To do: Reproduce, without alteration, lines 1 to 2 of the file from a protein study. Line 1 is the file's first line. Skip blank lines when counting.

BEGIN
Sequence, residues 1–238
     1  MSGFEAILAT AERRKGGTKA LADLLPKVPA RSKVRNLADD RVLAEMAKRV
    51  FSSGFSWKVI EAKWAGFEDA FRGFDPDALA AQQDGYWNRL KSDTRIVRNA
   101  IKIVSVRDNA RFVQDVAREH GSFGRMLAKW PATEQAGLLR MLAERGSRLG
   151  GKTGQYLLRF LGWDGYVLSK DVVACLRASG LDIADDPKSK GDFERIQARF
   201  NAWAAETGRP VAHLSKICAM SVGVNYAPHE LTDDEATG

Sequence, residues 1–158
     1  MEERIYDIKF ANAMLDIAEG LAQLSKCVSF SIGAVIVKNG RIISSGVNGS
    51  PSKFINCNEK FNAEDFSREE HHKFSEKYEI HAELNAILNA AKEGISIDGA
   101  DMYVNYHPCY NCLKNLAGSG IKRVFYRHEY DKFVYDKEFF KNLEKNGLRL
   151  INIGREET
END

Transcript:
Sequence, residues 1–238
     1  MSGFEAILAT AERRKGGTKA LADLLPKVPA RSKVRNLADD RVLAEMAKRV